Tuesday, March 26, 2013

Dunkelweizen

Around this time of year I'm always torn about what to brew, the weather is still a bit cool but warm days are creeping in now and then.  The cool weather makes me want a rich hearty beer, but on the warm days I'm really craving something light and drinkable like a table beer.  To top it off lately SWMBO has been making a huge dent into some of my favorite styles, especially my PA's.  I originally brewed this beer up for SWMBO  to keep her greedy hands off my other beers but I think its gonna be one of my favorites as well after tasting the sweet wort.

Hefeweizens are one of my wife's favorite styles, but I felt it was a bit early in the year for one, not to mention I'm not the biggest fan of the style.  What really sounded good to me though was something with a big caramelly malt backbone to balance the esters of the hefe yeast, while still fairly light bodied for the time of year.  A dunkelweizen seemed to fit the bill perfectly, and strangely this was one of the few styles I had yet to brew.  

For the base of the beer I wanted to make sure I had a nice malty, bready base malt, so I went and picked up some Vienna, and rounded out the flavor with a bit of caramunich, a pinch of carafa, and of course wheat malt (pictured).  The yeast though was one thing that I had to switch up last second as the LBHS didn't have what I was looking for.  Instead of WLP380 I went with WY 3333.  When I got home I got on the computer and searched for reviews of the yeast, and for whatever reason didn't find that many.  According to Mr Malty WLP380 = WY3333, but in my experience with Belgian strains from both companies there tends to be quite a bit of difference so I'm very interested to see how things compare.  

Dunkelweizen
Malt Bill
Amt (lbs)Type
5.0Vienna
5.0Wheat Malt
1.0Caramunich II
2.0 ozCarafa II
Hops
Amt (oz)TypeTime
1.0Crystal (5.6%)60
Mash Schedule
TempRatioTime
151F0.8qt/lb60
170F1.9qt/lb15min - vorlauf
YeastGerman Wheat WY3333 (500mL Starter)
Stats
6.0galOG1052
76% effIBU16
7gal BoilFG




4 comments:

Gerben Harteveld said...

I like your recipe, instead of increasing the darker caramalts, you add a darker base malt. Do you have any experience with this yeast? It sounds like a classic!

Glass Half Full said...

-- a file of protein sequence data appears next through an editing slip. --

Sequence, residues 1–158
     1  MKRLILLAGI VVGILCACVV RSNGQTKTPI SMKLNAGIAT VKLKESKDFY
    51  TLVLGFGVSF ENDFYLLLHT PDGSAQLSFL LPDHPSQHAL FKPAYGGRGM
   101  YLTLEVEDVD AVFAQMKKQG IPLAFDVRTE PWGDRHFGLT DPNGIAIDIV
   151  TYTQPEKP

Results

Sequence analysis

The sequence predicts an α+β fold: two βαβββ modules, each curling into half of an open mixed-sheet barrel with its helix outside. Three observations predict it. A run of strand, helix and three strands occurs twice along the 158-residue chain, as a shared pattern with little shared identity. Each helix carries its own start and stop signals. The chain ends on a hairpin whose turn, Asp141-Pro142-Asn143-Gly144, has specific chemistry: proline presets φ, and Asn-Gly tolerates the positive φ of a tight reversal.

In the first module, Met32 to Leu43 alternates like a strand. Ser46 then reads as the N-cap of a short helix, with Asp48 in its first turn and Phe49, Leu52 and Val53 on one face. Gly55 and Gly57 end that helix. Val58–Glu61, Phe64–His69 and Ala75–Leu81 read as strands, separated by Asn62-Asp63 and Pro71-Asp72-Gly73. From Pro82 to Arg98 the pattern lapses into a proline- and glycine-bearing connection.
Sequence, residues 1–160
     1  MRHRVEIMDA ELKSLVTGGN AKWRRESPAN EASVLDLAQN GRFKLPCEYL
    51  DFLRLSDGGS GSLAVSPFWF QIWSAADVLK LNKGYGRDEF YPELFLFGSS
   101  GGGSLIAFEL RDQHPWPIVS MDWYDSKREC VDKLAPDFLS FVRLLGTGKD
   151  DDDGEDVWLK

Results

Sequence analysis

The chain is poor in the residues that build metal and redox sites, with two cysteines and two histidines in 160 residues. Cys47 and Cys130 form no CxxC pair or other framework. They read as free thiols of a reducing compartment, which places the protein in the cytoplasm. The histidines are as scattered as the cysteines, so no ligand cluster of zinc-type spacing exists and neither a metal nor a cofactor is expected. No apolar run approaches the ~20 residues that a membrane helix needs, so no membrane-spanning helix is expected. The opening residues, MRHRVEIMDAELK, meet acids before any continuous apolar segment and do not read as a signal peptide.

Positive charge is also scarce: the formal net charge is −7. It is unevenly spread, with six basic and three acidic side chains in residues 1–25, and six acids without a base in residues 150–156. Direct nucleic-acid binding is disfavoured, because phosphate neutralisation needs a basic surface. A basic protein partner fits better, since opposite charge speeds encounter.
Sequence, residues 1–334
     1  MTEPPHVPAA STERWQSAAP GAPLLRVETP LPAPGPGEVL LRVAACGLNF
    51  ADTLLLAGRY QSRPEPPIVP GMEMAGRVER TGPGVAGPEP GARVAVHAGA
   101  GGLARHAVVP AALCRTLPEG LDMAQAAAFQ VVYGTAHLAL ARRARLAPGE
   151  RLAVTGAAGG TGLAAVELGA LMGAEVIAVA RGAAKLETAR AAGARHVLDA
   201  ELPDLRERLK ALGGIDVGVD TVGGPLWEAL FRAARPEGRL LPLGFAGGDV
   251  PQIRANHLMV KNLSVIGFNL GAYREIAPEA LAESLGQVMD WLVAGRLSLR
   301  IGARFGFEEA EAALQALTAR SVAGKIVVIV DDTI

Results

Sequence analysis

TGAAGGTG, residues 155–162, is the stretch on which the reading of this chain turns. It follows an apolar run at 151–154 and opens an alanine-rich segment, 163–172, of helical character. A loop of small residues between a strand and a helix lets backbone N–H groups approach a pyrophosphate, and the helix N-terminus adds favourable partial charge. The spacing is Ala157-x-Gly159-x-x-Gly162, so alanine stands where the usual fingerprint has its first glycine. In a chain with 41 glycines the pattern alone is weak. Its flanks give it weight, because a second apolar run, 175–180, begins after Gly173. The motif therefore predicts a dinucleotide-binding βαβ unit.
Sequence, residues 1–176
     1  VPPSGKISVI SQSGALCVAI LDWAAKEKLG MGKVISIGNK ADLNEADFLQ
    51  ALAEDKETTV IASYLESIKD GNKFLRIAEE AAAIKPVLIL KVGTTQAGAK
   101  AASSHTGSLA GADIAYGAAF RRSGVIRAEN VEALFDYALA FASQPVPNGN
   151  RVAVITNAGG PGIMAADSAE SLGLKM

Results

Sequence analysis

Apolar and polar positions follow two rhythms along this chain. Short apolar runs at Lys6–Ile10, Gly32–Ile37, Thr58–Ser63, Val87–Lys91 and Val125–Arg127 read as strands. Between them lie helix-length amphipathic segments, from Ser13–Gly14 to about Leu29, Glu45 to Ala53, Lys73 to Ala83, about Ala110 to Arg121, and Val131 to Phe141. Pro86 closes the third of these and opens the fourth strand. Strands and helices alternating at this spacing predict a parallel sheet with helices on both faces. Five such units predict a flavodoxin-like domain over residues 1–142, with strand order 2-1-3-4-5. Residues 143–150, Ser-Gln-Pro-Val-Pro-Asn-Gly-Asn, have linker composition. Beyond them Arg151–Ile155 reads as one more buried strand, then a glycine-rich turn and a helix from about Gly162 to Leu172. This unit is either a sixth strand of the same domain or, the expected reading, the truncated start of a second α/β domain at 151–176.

Hi - Just wondering about your mash schedule - I see you didn't do a protein rest. I brew a lot of altbiers, and I always do a protein rest as I understood its a typical part of a German mash. Maybe not for weizen though? I'd be interested to know as I'd like to try doing one.

Ryan said...

GHF - I rarely do a protein rest, with the degree of modification in the malts available its generally not needed. The reason continental brewers used to do these rests is because they didnt have the best barley for brewing and had to do a more rigorous mash schedule as a result

IMO if your not buying the weyermann under-modified pils malt(link at bottom), a protein rest isn't really needed, and may negatively impact foam retention etc of you beer

http://www.northernbrewer.com/shop/weyermann-floor-malted-bohemian-pilsner-malt.html

Glass Half Full said...

I've seen that view expressed a lot - but in the Altbier book I have Horst Dornbusch says that for the Alt style, if you don't do a protein rest you aren't brewing an authentic alt - and goes on to say it improves the head retention and body by breaking down proteins into a soluble form. This was completely the reverse of what I'd read in books written by British and American home brew writers (maybe this is a cultural thing), but I've followed the advice on the last two or three brews. The latest effort was pure Munich malt and it has more body and head retention than anything I've ever brewed - I'm pretty thrilled with it. I think I'm coming out with Herr Dornbusch on this one.

BTW love the blog. Giving me lots of inspiration here.

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